Durian Pudding with Pandan Vla Recipe


Durian is a fruit that either people will love it or hate it. Durian’s name comes from a Indonesian/Malay word “duri” which means thorn and -an is a suffix together for building a noun in bahasa Indonesia and bahasa Melayu.

 

The durian tree grows best in ultra-tropical climate zone. It is a native of Borneo/Kalimantan (an island that is shared between 3 countries; Brunei, Indonesia and Malaysia) and Sumatra (Indonesia). Although durian is not native to Thailand, this country is currently one of the major exporters of durians especially Mon Thong variety. Those who know only the standard Thai Mon Thong variety will be surprised in how many different flavors and textures durian can come. As my late dad hometown is in Sumatra, I was introduced to the classical durian variety first then knew mon thong when I was a teenager.

Classical durian varieties as they are common in Indonesia (mainly Sumatra and Borneo) have to ripen on the tree and are harvested only once they have. One of example of classical durian is durian Sumatra. It has a distinct flavour and taste with durian mon thong. Durian Sumatra has stronger alcoholic flavour and less fruity taste.

In Indonesia, people can make this for savoury and sweet dishes, including making sambal tempoyak (fermented durian sambal).

Speaking about dishes, this time I made something sweet. Yeah… yeah… I know what you are going to say, “Pepy, don’t you declare that you are not a sweet tooth” But once a while I still eat sweet things.

Anybody who grew up in Indonesia must know chocolate pudding with vanilla vla. Vla is a thickening creamy sauce that is often enjoyed with pudding. Vla is what other nations know as thin custard or crème anglaise. In this recipe, I keep everything vegan. If you want to substitute the coconut milk with evaporated milk or other milk or cream, it’s your call.

Before I forgot, I’d like to say many thanks to my foodie friend, Ann of Anncoo Journal who sent me this pretty moulds. Gorgeous moulds!!!!


Durian Pudding with Pandan Vla

Ingredients:
Durian Pudding:
400 gram durian flesh, fine blended
1 liter thin coconut milk (I used an UHT coconut milk and mixed with water)
40 grams coconut sugar (gula merah, gula Jawa, gula Bali) or palm sugar (gula aren)**
40 grams raw sugar**
1/4 teaspoon salt
10 grams konnyaku jelly powder (you can substitute for agar-agar powder)
1/8 teaspoon durian paste (optional)

Vla (Thin Custard):
300 milliliters thin coconut milk
150 grams raw sugar**
1/4 cup chopped pandan leaves*
1 tablespoon cornstarch, dissolve in 50 milliliters water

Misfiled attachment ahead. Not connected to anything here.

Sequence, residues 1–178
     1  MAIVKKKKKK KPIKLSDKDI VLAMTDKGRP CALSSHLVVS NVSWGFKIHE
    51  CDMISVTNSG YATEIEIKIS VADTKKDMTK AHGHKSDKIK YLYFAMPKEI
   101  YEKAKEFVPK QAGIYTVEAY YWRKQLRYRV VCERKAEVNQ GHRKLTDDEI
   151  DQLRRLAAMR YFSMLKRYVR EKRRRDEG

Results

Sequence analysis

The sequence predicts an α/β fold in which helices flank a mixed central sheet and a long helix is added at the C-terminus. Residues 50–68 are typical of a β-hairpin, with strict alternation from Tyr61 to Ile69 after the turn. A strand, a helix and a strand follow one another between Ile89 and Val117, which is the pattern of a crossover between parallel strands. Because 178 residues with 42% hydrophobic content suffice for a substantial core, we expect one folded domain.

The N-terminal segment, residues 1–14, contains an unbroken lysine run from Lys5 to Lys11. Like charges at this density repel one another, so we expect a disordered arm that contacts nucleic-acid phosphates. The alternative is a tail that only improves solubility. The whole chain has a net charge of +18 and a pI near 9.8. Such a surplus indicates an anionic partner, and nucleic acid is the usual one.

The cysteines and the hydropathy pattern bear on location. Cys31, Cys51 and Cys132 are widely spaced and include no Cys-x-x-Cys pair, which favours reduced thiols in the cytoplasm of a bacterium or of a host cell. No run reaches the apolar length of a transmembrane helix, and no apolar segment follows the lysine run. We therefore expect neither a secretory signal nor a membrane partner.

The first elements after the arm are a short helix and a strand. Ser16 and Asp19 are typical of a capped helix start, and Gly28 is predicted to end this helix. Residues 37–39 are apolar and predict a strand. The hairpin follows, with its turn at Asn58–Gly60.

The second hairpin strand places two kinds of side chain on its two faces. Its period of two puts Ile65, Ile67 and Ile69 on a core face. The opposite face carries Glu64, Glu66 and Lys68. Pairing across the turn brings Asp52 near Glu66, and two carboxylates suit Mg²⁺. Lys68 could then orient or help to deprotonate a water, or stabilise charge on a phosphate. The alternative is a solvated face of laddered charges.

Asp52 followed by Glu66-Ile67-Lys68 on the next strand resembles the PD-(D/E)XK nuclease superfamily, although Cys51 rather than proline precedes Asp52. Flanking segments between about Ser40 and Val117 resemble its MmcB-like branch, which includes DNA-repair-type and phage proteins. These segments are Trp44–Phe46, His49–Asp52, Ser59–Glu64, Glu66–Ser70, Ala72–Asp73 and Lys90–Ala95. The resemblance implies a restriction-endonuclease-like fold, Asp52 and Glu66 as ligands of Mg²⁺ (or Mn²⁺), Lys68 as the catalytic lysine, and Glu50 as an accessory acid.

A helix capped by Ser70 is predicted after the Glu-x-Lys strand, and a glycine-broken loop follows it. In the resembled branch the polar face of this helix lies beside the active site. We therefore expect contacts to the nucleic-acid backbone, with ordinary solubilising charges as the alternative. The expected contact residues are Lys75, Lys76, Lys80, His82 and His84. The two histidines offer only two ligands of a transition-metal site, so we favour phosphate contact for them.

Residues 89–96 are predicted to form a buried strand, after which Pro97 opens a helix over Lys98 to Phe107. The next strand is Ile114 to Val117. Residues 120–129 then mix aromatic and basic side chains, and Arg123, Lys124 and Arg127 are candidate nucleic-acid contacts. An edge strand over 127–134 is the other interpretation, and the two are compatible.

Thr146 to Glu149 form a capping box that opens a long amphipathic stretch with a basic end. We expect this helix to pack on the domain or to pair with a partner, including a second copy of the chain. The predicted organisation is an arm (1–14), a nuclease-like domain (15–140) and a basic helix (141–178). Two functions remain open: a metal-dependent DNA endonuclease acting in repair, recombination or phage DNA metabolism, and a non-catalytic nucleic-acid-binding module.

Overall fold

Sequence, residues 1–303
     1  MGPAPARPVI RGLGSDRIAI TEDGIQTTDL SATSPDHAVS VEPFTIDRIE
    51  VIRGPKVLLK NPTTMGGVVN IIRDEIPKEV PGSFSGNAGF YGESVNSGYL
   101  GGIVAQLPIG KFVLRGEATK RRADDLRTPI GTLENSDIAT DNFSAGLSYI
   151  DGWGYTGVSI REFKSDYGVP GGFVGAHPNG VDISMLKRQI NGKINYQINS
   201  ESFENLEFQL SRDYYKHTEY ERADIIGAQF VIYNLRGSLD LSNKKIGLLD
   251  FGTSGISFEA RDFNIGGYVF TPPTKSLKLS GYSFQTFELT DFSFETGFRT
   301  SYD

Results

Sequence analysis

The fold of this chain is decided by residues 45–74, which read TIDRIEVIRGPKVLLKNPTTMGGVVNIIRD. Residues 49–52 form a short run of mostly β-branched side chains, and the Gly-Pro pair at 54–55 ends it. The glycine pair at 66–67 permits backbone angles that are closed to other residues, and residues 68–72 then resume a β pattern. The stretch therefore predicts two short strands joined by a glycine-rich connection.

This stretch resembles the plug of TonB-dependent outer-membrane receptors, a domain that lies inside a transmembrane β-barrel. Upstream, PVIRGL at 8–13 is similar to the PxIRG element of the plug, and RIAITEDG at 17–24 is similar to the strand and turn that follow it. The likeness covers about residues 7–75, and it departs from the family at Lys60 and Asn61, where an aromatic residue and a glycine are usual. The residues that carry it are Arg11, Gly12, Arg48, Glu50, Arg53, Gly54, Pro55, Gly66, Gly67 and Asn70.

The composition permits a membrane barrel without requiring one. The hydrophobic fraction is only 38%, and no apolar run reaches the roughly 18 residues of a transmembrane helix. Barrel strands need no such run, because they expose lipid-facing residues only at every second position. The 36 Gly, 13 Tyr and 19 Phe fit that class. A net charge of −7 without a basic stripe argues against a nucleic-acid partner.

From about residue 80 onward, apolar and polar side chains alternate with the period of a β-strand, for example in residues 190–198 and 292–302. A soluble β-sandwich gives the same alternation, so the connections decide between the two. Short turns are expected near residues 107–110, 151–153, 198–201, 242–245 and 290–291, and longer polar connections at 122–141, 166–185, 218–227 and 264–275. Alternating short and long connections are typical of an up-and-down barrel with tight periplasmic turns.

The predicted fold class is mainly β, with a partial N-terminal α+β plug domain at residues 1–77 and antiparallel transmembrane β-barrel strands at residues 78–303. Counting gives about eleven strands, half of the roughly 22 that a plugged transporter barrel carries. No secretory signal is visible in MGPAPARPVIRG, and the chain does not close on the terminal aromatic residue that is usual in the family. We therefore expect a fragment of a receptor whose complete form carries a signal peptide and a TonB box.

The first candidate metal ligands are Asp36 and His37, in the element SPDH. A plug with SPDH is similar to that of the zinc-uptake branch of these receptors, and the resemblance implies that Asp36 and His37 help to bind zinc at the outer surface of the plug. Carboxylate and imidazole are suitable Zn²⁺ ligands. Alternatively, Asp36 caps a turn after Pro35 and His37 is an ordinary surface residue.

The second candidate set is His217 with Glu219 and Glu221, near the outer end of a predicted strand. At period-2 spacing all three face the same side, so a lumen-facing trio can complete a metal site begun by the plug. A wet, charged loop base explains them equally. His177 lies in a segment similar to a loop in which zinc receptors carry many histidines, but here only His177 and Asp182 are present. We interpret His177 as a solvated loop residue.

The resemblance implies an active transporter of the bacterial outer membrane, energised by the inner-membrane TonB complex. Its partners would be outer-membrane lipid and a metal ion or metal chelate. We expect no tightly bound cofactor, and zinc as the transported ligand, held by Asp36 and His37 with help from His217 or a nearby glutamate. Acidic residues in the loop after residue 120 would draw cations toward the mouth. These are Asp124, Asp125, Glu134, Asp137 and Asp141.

Methods:

Durian Pudding
1. In a bowl, combine 200 mL thin coconut milk with coconut sugar and microwave them until the sugar dissolves. If you use coconut sugar in granule form, omit this step. Instead, combine all coconut milk with other ingredients as step 2.

2. Transfer coconut sugar mixture with the rest of coconut milk (about 800mL) in a pot. Whisk in raw sugar, blended durian flesh and konnyaku jelly powder. Bring it to a boil and continue to boil for another 5 minutes. Remove from the heat and stir until the bubbles disappear. Transfer to a pouring jug.

3. Rinse off the mould with water before filling it with moud Konnyaku mixture. Fill moulds with Konnyaku mixture. Set aside to cool before refrigerating to chill and set. It takes about 3 hours. Best to leave it overnight. Remove the jelly from the mould before serving. Enjoy with pandan vla.

Pandan Vla (Pandan Custard)
In a sauce pot, bring to a boil pandan leaves, sugar and water until it turns green. Strain pandan mixture in a bowl, transfer back to the pot and reboil. Thicken the sauce by pouring cornstarch mixture and stir well. Set aside.

Cook’s Note:
* Suji leaves are used for natural food colour/dye in Indonesian cooking while pandan leaves give a fragrant flavour to foods. Both of them are used to complete each other since pandan leaves can’t give a stable colour when suji leaves don’t have any fragrant. To give more greenish, I have to use lots pandan in this case. The easiest way you can use pandan paste that is available sold at most Asian markets.

** About sweetness, please adjust to your liking.

Other related posts:
Duri Duriang (Makassarese Durian Tarts)
Cantik Manis (Indonesian Sweet Pretty Cake)
Ayam Garo Rica (Manadonese Chilie and Lemon Basil Chicken)
Kue Pepe/Lapi Sagu (Indonesian Steamed Layered Sago Cake)
Es Pallu Butung (Makassarese Banana Ice)
Wedang Jahe (Indonesian Ginger Tea)
Flan de Kiwi y Pandan (Kiw and Pandan Flan)

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About the Author

An Indonesian born who lives in Winnipeg, Canada for more than a decade and decided to move a bit west. Edmonton is now where she is based on. Indonesia Eats is a memoir of her homeland.